Dealing with injury. To run, or not to run?

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Running For Beginners: The North Face 100

Four weeks ago I ran a 100km trail race called The North Face 100 held in the Blue Mountains near Sydney Australia, it was a fantastic thing to be a part of, the only downside was I rolled my ankle about 10km into the run. It wasn’t a serious twist of the ankle, at the time I only just felt it. I was easily able to keep running, however the more miles I ran, the more hills and steps I went up and down, the worse the pain became. By the 40 mile mark, it was hurting quite badly, and I took some pain killers I was carrying which successfully masked the pain for another three hours or so, before I had to take more pain killers to keep going. I made it to the finish in just under 18 hours, which was right around the time I wanted to achieve.

I stayed at a hotel near the finish line the next day to recover from the run before getting on a plane and flying home, and I ordered a bucket of ice to try and treat the swelling, and lessen some of the pain.

Three days later on Wednesday I was home, and while my ankle was somewhat swollen, and experiencing a level of discomfort, I still decided that going for a recovery run of some 5 miles would be a good idea. On Saturday I repeated the dose, going for an easy 6 miles, and then again on Monday for another 5. All this time the ankle was swollen and uncomfortable, and when I woke the morning after the Monday run I decided that since it wasn’t improving, getting some professional help might be a wise thing to do.

I made an appointment with my podiatrist later that day, and as she inspected the ankle, asked what I was training for. I told her I had a marathon coming up in three weeks, and she gently told me that “might be ok”. One thing I have learnt over the years is the best medical professionals to go and see about running injuries are other runners. My physiotherapist, massage therapist and sports physician are all regular runners, and the podiatrist I see is one also, having run ultra marathons herself. I find if you see non runners they often have little empathy for your problems, with an attitude of “rest and get over it”, not usually what you want to hear.

The podiatrist sent me for a ultrasound scan of the ankle which found there were luckily no tendon tears, however the tendons were badly inflamed, or “extensive tenosynovitis” in medical terminology.

The treatment regime was two weeks off running altogether, with minimal walking, taping of the ankle, icing and anti inflamatories. I had my first run back two weeks later for an easy 3 miles, and the next day experience some return of swelling and discomfort. I rested two days, and then ran another 3 miles where the ankle was somewhat better the day after. It was about that time I was due to run that marathon, but on advice from the podiatrist and my coach, I didn’t take part. The main reason I was running the marathon was because I had a lot of friends running that day, and it would have been great to have enjoyed the experience with them. That given, I have more important events coming up that I don’t want to jeopardize, and running the marathon could have set me back with another month off running if the ankle had gotten worse again. For once I was sensible.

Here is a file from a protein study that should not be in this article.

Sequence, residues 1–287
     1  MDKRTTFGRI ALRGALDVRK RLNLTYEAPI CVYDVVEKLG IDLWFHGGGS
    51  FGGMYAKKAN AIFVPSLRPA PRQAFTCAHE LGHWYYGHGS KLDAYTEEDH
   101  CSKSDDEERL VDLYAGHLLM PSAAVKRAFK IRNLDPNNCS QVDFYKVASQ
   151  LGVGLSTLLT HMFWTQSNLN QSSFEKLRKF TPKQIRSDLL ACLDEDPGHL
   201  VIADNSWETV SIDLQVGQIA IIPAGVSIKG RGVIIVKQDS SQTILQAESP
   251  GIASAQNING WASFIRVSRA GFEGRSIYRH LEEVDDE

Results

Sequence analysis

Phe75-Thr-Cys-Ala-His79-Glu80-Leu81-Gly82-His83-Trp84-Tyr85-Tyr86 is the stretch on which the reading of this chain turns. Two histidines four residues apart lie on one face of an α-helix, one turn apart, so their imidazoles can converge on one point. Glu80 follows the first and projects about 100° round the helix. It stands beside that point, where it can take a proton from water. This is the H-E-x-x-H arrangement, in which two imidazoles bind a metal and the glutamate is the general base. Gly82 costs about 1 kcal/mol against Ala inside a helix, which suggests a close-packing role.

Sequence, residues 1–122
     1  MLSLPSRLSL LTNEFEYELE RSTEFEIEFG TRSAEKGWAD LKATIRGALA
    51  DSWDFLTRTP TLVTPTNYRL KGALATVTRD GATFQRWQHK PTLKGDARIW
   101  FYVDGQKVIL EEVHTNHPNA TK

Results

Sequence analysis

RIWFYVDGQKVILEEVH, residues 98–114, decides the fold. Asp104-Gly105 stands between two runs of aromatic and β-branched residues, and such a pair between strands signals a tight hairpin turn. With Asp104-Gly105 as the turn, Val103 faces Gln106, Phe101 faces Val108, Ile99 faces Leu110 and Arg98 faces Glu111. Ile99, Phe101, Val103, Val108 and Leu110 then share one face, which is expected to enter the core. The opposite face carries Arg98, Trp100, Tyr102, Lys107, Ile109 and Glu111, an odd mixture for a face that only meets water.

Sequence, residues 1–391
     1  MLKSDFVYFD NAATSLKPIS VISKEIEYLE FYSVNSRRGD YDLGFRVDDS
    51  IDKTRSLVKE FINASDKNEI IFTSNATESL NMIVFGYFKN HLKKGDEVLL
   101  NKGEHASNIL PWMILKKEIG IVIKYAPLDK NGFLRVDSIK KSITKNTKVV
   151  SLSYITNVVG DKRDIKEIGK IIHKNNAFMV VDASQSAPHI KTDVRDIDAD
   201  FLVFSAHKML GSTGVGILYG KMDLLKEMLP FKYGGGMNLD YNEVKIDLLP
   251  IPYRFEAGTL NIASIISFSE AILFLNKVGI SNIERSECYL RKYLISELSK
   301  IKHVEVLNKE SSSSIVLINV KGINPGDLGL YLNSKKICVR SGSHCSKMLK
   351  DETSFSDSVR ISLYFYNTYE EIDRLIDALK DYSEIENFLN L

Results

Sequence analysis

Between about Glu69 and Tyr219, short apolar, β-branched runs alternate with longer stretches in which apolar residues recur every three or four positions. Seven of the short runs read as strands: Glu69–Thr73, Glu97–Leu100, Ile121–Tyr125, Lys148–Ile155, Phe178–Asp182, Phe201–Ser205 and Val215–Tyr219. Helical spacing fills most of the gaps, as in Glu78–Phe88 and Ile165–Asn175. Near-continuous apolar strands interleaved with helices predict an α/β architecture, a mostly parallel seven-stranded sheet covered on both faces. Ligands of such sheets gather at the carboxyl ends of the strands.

Which brings me to the reason for this post, when should you be sensible with injuries, and stop running? There is a case that could be argued that I should of stopped when I rolled the ankle in the first place, 10km into the 100km race.  If I had been that sensible, I don’t think there would have been any injury to worry about at all in the subsequent weeks. Or should I have been sensible when I was in pain at the 40 mile mark and decided to take pain killers? I could have pulled out at the aid station at that point, and probably not have injured the ankle as badly as I did. And surely I should have been sensible the days after and gone and seen the podiatrist earlier, rather than continue to run on it?

The problem I think is that as runners we just get so used to running with some level of discomfort and pain. If I stopped running every time I feel an ache, I wouldn’t run very much…just about every run has some level of discomfort.

Couch to 5k The North Face 100And what if the marathon had been an “A” race in my calendar, should I have taken the chance and run it, and treated pain during the race with more pain killers? Probably not a sensible course of action, but one I could understand someone taking if it was an event of real importance. While I run many more miles a week than most beginner runners, the questions I have raised here apply to those just starting out with their running also. For example, if you are doing the Couch to 5k program and you get muscle soreness; do you rest, or keep going with the program? And if you decide that with muscle soreness you would keep going, what if it was shin pain instead…and shin pain can turns to shin splints and stress fractures, what then? On the other hand a little soreness very quickly becomes a convenient excuse not to run.

Unfortunately I don’t have the answers for this one, I think I probably made a few bad decisions regarding this ankle injury, so I am probably not the guy you should be looking to for advice on this. Injuries though are something you should consider carefully, and if in doubt, go and see a medical professional.



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